As the week comes to a close, it’s time to review some of what leading journalists, pundits, and policy wonks — from the left, right, and murky center — are saying about new UN sanctions on Iran and the Turkey fuel-swap deal:
Leslie Gelb in the Daily Beast:
The United States will not be able to sustain this highly self-centered and highly differentiated anti-nuclear policy. It could survive during the Cold War in the face of a uniting threat from the Soviet Union, but not now. What Brazil, Turkey and Iran did, will be replicated in years to come. The best and perhaps only way for the United States to retain most of its nuclear cake is to let others munch upon it as well. U.S. administrations should not denigrate or try to sidetrack these inevitable diplomatic efforts by new major powers. Instead, the White House should embrace them and, at the same time, instill in their diplomacy what remains a critical common interest in preventing the spread of nuclear weapons-the absolute need for credible and intrusive inspections into the nuclear operations of all countries developing “peaceful nuclear power.”
Roger Cohen in the New York Times:
Presidents must lead on major foreign policy initiatives, not be bullied by domestic political considerations, in this case incandescent Iran ire on the Hill in an election year…. Brazil and Turkey represent the emergent post-Western world. It will continue to emerge; Secretary of State Hillary Clinton should therefore be less trigger-happy in killing with faint praise the “sincere efforts” of Brasilia and Ankara. The West’s ability to impose solutions to global issues like Iran’s nuclear program has unraveled. America, engaged in two inconclusive wars in Muslim countries, cannot afford a third. The first decade of the 21st century has delineated the limits of U.S. power: It is great but no longer determinative. Lots of Americans, including the Tea Party diehards busy baying at wolves, are angry about this. They will learn that facts are facts.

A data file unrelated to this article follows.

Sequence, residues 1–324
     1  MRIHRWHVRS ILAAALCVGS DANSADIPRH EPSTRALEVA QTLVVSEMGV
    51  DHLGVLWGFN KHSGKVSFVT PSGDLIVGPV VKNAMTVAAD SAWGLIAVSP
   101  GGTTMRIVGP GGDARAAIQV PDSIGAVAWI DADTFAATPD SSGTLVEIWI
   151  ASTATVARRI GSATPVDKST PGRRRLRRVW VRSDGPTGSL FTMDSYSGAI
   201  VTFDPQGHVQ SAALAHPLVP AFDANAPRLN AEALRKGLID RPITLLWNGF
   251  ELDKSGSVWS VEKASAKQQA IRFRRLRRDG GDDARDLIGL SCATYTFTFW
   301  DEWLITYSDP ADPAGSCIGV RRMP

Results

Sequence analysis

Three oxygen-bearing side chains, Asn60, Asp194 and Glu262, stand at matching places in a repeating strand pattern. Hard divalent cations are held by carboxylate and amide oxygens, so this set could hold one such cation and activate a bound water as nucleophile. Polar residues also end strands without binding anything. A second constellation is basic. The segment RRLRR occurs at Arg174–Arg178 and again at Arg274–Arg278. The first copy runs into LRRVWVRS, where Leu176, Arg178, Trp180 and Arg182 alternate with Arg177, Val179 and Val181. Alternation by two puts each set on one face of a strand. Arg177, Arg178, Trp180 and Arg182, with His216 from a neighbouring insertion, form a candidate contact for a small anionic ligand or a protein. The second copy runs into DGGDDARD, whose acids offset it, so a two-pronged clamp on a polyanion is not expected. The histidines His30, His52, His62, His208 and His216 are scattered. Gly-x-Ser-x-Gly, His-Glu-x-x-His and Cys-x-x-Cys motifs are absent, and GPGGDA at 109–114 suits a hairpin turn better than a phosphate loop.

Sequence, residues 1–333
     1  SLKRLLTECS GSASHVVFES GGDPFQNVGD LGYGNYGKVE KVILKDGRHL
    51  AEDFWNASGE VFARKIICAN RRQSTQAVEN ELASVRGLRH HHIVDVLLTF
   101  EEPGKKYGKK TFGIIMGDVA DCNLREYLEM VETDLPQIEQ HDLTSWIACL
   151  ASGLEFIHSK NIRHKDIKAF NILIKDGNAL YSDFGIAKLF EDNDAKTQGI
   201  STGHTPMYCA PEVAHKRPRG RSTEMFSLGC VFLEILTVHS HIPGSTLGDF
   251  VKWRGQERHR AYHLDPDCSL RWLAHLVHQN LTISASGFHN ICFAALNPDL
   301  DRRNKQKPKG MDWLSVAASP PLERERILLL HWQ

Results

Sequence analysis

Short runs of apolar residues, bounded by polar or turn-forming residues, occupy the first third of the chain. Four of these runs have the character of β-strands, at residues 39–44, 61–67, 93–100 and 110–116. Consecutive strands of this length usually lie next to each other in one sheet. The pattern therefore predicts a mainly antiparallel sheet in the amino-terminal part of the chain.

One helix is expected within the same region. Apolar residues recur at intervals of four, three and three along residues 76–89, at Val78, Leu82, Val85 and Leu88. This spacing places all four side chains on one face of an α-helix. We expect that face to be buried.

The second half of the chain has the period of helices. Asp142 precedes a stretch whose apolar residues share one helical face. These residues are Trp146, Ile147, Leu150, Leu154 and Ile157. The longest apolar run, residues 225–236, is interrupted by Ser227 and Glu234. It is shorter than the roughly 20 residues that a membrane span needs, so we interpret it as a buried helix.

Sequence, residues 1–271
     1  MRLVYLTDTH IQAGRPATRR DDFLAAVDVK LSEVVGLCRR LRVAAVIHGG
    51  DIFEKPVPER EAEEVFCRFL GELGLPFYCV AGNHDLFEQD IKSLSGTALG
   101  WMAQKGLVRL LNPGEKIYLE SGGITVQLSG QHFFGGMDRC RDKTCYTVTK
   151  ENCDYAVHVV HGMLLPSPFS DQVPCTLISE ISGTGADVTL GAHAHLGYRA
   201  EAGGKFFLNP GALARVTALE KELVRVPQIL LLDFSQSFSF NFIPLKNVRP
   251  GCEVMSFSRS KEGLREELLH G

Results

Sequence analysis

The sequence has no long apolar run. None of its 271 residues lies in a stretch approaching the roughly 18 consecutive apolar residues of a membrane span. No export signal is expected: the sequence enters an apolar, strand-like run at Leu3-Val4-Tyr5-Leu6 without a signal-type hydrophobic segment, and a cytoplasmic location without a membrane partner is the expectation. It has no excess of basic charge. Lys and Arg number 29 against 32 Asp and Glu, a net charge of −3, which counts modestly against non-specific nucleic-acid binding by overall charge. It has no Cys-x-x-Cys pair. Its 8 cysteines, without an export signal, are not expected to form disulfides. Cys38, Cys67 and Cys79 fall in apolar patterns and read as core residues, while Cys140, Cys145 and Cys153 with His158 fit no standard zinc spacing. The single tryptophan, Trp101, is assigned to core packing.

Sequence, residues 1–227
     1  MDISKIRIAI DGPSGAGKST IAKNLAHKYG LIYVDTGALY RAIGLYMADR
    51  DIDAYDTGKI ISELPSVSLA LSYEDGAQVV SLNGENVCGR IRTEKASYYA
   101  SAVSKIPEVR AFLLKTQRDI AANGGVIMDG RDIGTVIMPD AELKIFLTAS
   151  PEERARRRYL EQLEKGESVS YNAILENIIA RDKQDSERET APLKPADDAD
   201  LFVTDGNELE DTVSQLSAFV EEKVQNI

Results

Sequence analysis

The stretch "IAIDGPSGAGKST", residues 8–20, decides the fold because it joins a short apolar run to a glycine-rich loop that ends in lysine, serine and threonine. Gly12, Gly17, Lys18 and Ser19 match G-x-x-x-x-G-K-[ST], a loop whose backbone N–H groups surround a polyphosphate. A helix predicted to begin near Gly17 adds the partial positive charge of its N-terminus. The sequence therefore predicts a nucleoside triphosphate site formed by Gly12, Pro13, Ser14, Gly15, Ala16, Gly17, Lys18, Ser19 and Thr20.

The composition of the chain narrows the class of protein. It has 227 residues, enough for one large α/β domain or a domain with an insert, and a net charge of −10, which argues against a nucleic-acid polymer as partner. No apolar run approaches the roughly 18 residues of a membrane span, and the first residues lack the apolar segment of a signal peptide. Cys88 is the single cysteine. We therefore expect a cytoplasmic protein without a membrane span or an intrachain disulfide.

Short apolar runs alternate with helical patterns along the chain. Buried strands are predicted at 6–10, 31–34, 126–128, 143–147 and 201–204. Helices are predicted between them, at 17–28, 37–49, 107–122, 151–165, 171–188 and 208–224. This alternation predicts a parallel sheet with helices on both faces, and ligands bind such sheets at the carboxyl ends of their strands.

Charles Krauthammer in the Washington Post:
That picture — a defiant, triumphant take-that-Uncle-Sam — is a crushing verdict on the Obama foreign policy. It demonstrates how rising powers, traditional American allies, having watched this administration in action, have decided that there’s no cost in lining up with America’s enemies and no profit in lining up with a U.S. president given to apologies and appeasement. They’ve watched President Obama’s humiliating attempts to appease Iran, as every rejected overture is met with abjectly renewed U.S. negotiating offers. American acquiescence reached such a point that the president was late, hesitant and flaccid in expressing even rhetorical support for democracy demonstrators who were being brutally suppressed and whose call for regime change offered the potential for the most significant U.S. strategic advance in the region in 30 years.
Ralph Peters in the New York Post:
What Brazil and Turkey just did wasn’t intended to impede Tehran, but to make it harder for Western powers to impose sanctions. Both countries want Iran to run interference for them. Once Iran gets the bomb and takes the (slight) heat, Brazil and Turkey both intend to go nuclear. Brazil wants vanity nukes to cement its position as South America’s hegemon, a regional alternative to the US. Turkey’s slow-roll Islamist government dreams of a new Ottoman age — as it turns from the West to embrace the Muslim states it ruled a century ago. After easing Tehran’s path to the bomb, Ankara will claim that it needs its own nuclear capability to maintain regional stability.